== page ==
“Jack Reacher” might as well be called “Tom Cruise.” No audience in America will gasp when Cruise makes his appearance 10 minutes into the movie; few people will expect him to transform beyond recognition into a compelling role (à la Daniel Day-Lewis in everything or, well, Cruise in “Tropic Thunder”). This is a Tom Cruise action movie, which means you already know 90 percent of what you need to know.

Jack Reacher

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This, for people who want to attend entertaining movies, is perfectly OK if Cruise carries out his end of the bargain. The bargain being that Cruise remains compelling to watch — an essential skill for any actor, but his lifeblood.

In “Jack Reacher,” Cruise’s physical stunts only diminish slightly from his previous work. At moments, his silhouette seems borrowed from the “Mission: Impossible” franchise (the prominent nose and tuft of hair), which makes it less striking, but his steadicam scenes of combat and movement occasionally seem fresh. Fresh may be an inappropriate word though, as “Reacher” seems to reach back toward the past for its action tropes. The fighting is direct and realistic without the crutch of shaky-cam; the car-chase scenes are loaded with skidding and minor bumps — creating chaotic, screeching tension. Perhaps most wonderfully, the gun fights ring with hundreds of missed bullets as combatants dash for strategic cover. It’s more “duck and cover” than “kill hundreds of bad guys.”

Beyond the physical is the more-intriguing mental state of Cruise. In his movies, there has always been a sense of detachment, with perhaps a glimmer of some erratic behavior. The “cool” in Cruise comes from the detachment, the “compelling” comes from his sudden, wry humor. In “Jack Reacher,” he nails detachment. Reacher is cold and calculating; even though he’s hit on by literally every woman in the film (one wonders who added that to the script), Reacher remains stoic and untouchable.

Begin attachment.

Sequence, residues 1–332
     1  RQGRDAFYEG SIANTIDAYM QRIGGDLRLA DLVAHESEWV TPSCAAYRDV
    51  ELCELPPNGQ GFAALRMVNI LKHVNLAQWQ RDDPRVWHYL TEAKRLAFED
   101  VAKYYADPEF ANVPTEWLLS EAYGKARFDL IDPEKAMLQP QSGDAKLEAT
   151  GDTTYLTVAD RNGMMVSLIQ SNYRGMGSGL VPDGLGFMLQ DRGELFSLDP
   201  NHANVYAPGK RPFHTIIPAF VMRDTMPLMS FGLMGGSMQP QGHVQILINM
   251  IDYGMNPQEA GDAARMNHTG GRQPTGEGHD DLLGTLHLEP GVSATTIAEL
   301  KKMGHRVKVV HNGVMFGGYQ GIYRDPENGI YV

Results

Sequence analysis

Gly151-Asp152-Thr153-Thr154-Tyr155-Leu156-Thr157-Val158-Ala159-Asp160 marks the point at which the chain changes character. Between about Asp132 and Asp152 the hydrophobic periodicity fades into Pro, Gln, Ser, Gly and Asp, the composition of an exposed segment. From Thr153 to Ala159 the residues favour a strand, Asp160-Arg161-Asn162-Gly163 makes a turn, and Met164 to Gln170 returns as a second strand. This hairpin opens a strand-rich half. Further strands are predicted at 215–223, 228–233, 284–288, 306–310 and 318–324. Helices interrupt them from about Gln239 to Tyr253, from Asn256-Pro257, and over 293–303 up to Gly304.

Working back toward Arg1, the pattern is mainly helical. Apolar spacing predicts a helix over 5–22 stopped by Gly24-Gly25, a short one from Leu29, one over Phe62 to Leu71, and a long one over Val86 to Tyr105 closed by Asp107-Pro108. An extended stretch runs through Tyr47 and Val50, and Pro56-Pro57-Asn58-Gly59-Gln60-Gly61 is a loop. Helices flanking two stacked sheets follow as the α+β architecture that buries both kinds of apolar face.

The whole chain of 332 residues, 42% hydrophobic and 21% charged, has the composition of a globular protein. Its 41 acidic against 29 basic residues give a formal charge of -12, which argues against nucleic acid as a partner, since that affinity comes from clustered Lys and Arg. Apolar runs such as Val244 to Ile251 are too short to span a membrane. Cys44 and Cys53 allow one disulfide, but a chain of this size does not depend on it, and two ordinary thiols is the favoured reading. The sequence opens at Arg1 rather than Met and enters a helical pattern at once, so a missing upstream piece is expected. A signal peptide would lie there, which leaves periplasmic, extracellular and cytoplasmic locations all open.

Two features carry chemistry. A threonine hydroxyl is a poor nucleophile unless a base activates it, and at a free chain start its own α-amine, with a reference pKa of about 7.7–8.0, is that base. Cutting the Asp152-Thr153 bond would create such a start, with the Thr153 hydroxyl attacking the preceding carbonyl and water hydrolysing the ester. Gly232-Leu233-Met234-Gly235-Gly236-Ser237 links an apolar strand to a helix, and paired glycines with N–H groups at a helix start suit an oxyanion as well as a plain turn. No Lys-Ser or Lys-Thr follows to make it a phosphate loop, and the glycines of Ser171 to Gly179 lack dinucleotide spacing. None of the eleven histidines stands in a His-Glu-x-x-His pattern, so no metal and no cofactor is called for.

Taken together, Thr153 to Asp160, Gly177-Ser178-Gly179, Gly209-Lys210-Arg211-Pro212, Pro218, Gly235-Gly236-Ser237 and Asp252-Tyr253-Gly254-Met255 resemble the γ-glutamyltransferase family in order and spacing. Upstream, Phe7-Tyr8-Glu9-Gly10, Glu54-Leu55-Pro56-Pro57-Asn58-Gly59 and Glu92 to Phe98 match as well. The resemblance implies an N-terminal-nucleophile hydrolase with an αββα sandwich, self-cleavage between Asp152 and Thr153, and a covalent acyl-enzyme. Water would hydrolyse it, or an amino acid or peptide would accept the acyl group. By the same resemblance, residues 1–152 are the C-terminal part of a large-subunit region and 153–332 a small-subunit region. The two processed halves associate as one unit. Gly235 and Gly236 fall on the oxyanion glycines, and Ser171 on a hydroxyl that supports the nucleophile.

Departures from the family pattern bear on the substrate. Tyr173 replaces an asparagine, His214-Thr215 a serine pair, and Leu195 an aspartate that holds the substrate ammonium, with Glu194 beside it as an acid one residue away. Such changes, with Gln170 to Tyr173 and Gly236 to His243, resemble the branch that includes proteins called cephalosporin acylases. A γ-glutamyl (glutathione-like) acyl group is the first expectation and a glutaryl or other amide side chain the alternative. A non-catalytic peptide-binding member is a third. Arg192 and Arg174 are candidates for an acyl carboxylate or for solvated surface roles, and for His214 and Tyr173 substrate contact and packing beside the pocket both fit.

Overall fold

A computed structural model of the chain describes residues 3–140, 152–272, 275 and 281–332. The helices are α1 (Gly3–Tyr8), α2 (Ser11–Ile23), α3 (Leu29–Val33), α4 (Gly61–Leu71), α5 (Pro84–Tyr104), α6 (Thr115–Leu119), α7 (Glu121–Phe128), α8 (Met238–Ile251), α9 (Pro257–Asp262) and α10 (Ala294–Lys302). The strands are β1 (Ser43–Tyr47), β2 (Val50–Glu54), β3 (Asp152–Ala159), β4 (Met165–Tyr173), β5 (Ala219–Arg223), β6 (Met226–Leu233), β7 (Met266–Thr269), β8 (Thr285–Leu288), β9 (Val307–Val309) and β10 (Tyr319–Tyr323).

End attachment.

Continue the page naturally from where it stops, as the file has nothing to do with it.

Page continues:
It’s in a similar vein to “The Expendables” series, in which bros help out the ladies not for sexual gain but for a sense of revenge or justice. This detachment, though, provides a feeling of something missing, of an opportunity wasted. While it makes sense within Reacher’s character (ex-military, extremely diligent, justice-seeking, etc.), there’s still a nagging sensation that Cruise could be doing a little more, that he could not just say funny lines (of which there are plenty in this film) but also deliver them in more humorous ways. In “Reacher,” one wishes Cruise would give a “Risky Business” smile, instead of just resting on a stern “M.I.” expression.

Beyond the leading actor, “Jack Reacher” also provides some surprising roles. Rosamund Pike (“Wrath of the Titans”) is excellent as a lawyer providing a flickering love interest for Reacher. There’s a dignity in Pike’s characterization, a determination and regality that is powerful and sexy — it’s refreshing to watch. Werner Herzog (“Cave of Forgotten Dreams”) completely chills as a stubby crime lord. One particular Herzog scene imagines one of the more horrific choices someone pushed to the edge would have to make (think self-cannibalization). Lastly, Robert Duvall (“Get Low”) provides a much needed side-kick for the titular character, and proves old men can hang with the young guys.

Modern times contain a lot of self-depreciation, and movies are catching on to this fact, especially within the shoot-’em-up genre. “Jack Reacher” understands this, and it almost perfectly toes the line between serious and comedic. Cruise ends up as the barometer for the movie’s success, and while he wears the grim mask of a soldier driven toward justice quite well, one wishes it would occasionally slip off to reveal a grin underneath.

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